For the first release of a system you need to take several days to identify some high-level requirements as well as the scope of the release (what you think the system should do). The goal is to get a good gut feel what the initiative is all about. For your initial requirements model my experience is that you need some form of usage model to explore how users will work with your system, an initial domain model which identifies fundamental business entity types and the relationships between then, and an initial user interface model which explores UI and usability issues.
I cannot say this enough: your goal is to build a shared understanding, it isn’t to write detailed documentation. A critical success factor is to use inclusive modeling techniques which enable active stakeholder participation.
The goal of the initial architecture modeling effort is to try to identify an architecture that has a good chance of working. This enables you to set a (hopefully) viable technical direction for your initiative and to provide sufficient information to organize your team around your architecture (something that is particularly important at scale with large or distributed teams).
On the architecture side of things I’ll often create free-form diagrams which explore the technical infrastructure, initial domain models to explore the major business entities and their relationships, and optionally change cases to explore potential architecture-level requirements which your system may need to support one day. In later iterations both your initial requirements and your initial architect models will need to evolve as you learn more, but for now the goal is to get something that is just barely good enough so that your team can get going. In subsequent releases you may decide to shorten Inception to several days, several hours, or even remove it completely as your situation dictates. The secret is to keep things simple. You don’t need to model a lot of detail, you simply need to model enough. If you’re writing use cases this may mean that point-form notes are good enough. If you’re domain modeling a whiteboard sketch or collection of CRC cards is likely good enough. For your architecture a whiteboard sketch overviewing how the system will be built end-to-end is good enough.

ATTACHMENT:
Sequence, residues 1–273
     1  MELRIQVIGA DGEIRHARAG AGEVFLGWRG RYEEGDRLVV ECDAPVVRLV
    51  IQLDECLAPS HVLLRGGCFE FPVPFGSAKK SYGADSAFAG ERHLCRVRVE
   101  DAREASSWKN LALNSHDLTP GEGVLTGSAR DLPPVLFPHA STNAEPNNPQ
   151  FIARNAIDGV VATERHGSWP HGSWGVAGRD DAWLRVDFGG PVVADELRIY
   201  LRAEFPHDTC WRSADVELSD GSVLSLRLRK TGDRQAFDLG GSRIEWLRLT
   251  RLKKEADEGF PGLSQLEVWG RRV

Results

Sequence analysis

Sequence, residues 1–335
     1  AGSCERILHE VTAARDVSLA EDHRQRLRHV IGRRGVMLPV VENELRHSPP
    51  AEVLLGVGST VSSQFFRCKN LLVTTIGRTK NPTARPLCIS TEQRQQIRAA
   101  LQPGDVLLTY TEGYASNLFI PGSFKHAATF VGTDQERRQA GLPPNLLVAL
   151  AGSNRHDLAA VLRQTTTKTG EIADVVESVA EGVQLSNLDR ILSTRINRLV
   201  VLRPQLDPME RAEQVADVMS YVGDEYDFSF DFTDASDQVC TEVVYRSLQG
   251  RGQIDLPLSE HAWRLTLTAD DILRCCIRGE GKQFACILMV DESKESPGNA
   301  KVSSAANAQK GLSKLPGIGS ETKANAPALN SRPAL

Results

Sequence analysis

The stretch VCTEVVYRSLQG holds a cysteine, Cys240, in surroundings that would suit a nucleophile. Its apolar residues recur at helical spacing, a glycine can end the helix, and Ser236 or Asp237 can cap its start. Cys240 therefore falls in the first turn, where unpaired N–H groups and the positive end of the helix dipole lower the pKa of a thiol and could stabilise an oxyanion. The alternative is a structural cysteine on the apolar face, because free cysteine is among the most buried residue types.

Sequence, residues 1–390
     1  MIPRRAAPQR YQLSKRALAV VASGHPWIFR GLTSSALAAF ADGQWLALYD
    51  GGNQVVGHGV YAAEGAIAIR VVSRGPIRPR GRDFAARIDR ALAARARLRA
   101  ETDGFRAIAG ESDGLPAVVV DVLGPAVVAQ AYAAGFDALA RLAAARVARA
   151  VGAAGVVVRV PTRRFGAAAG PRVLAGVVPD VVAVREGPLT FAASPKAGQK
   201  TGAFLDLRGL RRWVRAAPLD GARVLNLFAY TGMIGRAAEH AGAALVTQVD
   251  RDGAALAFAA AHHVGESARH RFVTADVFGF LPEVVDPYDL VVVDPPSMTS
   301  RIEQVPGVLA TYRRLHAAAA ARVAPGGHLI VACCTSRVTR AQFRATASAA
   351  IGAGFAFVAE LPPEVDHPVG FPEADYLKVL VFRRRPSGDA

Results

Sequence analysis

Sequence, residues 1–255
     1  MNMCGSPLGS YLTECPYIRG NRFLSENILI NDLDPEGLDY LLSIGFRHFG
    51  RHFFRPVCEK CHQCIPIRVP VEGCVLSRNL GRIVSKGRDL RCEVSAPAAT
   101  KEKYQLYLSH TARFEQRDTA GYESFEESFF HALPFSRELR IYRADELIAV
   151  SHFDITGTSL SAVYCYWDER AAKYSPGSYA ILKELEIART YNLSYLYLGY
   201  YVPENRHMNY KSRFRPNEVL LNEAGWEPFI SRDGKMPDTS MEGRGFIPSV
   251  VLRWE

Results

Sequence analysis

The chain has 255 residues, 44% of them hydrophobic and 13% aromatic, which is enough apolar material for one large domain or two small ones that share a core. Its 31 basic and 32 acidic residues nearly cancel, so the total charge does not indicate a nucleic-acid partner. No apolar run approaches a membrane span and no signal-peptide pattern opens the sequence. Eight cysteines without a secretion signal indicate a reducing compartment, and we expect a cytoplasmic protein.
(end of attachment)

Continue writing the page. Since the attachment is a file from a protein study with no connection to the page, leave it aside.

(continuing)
Many traditional developers will struggle with an agile approach to initial modeling because for years they’ve been told they need to define comprehensive models early in an initiative. Agile software development isn’t serial, it’s iterative and incremental (evolutionary). With an evolutionary approach detailed modeling is done just in time (JIT) during development iterations in model storming sessions.
At the beginning of each Construction iteration the team must plan the work that they will do that iteration. An often neglected aspect of Mike Cohn’s planning poker is the required modeling activities implied by the technique . Agile teams implement requirements in priority order, see Figure 3, pulling an iteration’s worth of work off the top of the stack. To do this successfully you must be able to accurately estimate the work required for each requirement, then based on your previous iteration’s velocity (a measure of how much work you accomplished) you pick that much work off the stack. For example, if last iteration you accomplished 15 points worth of work then the assumption is that all things being equal you’ll be able to accomplish that much work this iteration. This activity is often referred to as the “planning game” or simply iteration planning.